By Roslyn Anderson | November 20, 2020 at 7:58 PM CST – Updated November 20 at 7:58 PM
JACKSON, Miss. (WLBT) – Hundreds of cameras are monitoring the streets of Jackson but one JPD commander is using another high tech crime fighting tool.
The veteran law officer joined community social networking apps to stay in touch with residents, learn their concerns and build relationships.
“Be that help that someone else needs when crime happens,” said Commander Obie Wells Jr.
The Precinct 4 Commander is talking about modern day crime fighting and community involvement through Nextdoor. The Fondren Neighborhood Association and others under his watch communicate on the social networking platform.
He’s been commander for about three months and after meeting with residents he wanted to do more.
“They kept bringing up this Nextdoor app, Nextdoor, Nextdoor,” said Wells. “A lot of information sharing was going on there and so I found it very interesting, and I just asked a few of them how could I join and how could I get on.”
Precinct 4 includes more than 44,000 residents. There are more than 7,000 in Fondren alone.
“Earlier this week he actually met with some residents in the neighborhood in a house,” said Fondren Neighborhood Association board member Adam Strong. He has lived in the area for 18 years.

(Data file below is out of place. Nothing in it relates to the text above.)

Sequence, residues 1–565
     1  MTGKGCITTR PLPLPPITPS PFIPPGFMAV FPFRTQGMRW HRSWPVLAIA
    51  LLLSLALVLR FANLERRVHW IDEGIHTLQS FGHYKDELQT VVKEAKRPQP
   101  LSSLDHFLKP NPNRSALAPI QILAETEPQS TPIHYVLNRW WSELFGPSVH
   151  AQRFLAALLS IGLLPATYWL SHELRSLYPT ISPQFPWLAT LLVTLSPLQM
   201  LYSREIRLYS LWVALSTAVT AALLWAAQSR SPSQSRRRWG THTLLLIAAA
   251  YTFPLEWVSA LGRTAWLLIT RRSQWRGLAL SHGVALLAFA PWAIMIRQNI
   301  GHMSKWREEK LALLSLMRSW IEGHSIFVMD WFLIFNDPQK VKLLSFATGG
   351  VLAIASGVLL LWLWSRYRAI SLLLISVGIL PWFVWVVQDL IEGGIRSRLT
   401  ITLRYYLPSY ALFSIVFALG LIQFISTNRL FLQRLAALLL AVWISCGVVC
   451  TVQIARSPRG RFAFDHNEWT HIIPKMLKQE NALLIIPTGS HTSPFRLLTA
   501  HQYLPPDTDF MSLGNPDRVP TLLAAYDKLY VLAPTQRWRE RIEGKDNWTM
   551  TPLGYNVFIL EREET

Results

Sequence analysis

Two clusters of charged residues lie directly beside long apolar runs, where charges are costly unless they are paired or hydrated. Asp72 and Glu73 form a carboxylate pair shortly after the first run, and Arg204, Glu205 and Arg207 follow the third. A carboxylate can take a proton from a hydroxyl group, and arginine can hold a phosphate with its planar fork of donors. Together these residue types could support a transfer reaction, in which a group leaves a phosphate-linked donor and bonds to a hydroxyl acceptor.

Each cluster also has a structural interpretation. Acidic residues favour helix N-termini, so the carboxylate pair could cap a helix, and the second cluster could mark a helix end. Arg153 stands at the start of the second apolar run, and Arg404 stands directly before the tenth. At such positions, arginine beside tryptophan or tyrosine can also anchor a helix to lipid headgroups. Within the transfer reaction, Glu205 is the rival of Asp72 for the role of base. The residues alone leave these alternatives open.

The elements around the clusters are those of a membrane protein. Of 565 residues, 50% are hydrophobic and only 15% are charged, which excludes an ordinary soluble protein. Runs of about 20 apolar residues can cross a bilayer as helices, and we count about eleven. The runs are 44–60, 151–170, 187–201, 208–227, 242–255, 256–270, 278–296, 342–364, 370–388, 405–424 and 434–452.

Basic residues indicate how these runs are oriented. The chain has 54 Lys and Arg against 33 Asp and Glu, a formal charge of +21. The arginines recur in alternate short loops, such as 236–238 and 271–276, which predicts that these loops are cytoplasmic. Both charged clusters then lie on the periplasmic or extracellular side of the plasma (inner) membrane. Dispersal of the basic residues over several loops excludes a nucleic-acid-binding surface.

The community is active on Nextdoor and is encouraged by JPD’s responsiveness and Wells’ willingness to join.
“It seems he wants to try to use it, to see how he can be helpful and how he can gather information and help all of us as we work to combat issues in our neighborhood,” said Strong.
Strong recently had a vehicle stolen.
“They’re doing a lot of stuff with not as many people as they would like, but I think they’re doing a really good job,” added the Fondren resident.
“A lot of times people are out and about and they’ll see stuff before we’re there, before we’re in the area,” added Wells. “Being able to communicate with the community and having a good relationship is very fundamental.”
Wells, a Jackson State University Criminal Justice graduate, comes from a law enforcement family. The Jackson County native’s father retired as a law enforcement officer.
The 38-year-old said he wanted to serve he community after doing an internship in homicide with the Jackson Police Department.
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